A challenging research project conducted at the CAPS laboratory aims at addressing the problem of combustion instabilities in a new type of gas turbine combustion chamber. This technology step change is based on constant pressure sequential combustion architectures. It provides higher fuel flexibility (natural gas, but also bio- and syn(thetic)- gas), higher operational flexibility, and higher efficiency compared to conventional single stage combustion chambers.

Combustion represents 90 percent of worldwide energy production and will continue to be the dominant source for power generation over the upcoming decades. In parallel, renewable sources capacities are also constantly growing and their integration into the existing networks has negative consequences on the grid stability because of their intermittent nature. One therefore needs fast and powerful enough technologies capable of compensating the rapid changes in power demand due to fluctuating wind and solar sources. Gas turbine platforms exhibit much faster start-up, loading and de-loading capabilities than coal and nuclear power plants. In addition, their CO2, NOx and SO2 emissions are respectively two, four and fifty times lower that coal- or oil- fired plants. Therefore, gas turbine based power plants will play a key role in the future energy networks.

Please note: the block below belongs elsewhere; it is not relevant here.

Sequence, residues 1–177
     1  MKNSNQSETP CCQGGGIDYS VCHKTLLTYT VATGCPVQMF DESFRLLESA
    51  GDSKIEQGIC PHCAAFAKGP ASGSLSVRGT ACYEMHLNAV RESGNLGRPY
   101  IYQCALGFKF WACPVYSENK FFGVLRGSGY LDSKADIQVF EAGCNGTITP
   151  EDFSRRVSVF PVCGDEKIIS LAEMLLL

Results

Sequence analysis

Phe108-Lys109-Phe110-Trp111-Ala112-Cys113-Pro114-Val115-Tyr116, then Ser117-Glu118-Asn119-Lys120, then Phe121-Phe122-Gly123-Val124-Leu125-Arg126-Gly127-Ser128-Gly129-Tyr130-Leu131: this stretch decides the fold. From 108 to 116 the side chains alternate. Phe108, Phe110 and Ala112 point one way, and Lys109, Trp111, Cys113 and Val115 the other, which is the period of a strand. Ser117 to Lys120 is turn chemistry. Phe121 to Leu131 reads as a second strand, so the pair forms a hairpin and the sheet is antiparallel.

In this context, a challenging research project conducted at the CAPS laboratory aims at addressing the problem of combustion instabilities in a new type of gas turbine combustion chamber. This technology step change is based on constant pressure sequential combustion architectures. It provides higher fuel flexibility (natural gas, but also bio- and syn(thetic)- gas), higher operational flexibility, and higher efficiency compared to conventional single stage combustion chambers. It will be the heart of tomorrow’s heavy-duty gas turbines. This experimental, numerical and theoretical research effort is supported by the SNSF.

Flame sequential burner CAPS-ETH

The ESC member involved in this project is Prof. Nicolas Noiray, head of the Laboratory of Combustion and Acoustics for Power Systems (CAPS). The CAPS Laboratory is engaged in activities that aim at addressing fundamental and practical problems relevant for the development of workable, efficient, robust and sustainable technologies in Energy and Transport sectors. The group focuses on reacting and non-reacting flow control and on the reduction of CO2, pollutants and noise emissions.